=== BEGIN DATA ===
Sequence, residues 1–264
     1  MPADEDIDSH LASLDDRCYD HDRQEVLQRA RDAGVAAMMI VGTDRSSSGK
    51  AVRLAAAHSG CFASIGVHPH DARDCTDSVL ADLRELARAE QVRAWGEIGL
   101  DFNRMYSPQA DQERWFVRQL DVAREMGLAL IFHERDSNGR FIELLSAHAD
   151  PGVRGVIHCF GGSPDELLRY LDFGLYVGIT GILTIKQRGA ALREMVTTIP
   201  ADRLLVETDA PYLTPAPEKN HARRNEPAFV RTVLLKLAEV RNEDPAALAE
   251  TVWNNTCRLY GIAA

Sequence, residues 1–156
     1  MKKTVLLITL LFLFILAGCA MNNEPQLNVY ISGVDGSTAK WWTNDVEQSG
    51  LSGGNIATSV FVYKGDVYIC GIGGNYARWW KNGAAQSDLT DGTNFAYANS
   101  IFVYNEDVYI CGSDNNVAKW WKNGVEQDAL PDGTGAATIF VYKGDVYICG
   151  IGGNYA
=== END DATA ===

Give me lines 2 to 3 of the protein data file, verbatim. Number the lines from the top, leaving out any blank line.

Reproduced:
     1  MPADEDIDSH LASLDDRCYD HDRQEVLQRA RDAGVAAMMI VGTDRSSSGK
    51  AVRLAAAHSG CFASIGVHPH DARDCTDSVL ADLRELARAE QVRAWGEIGL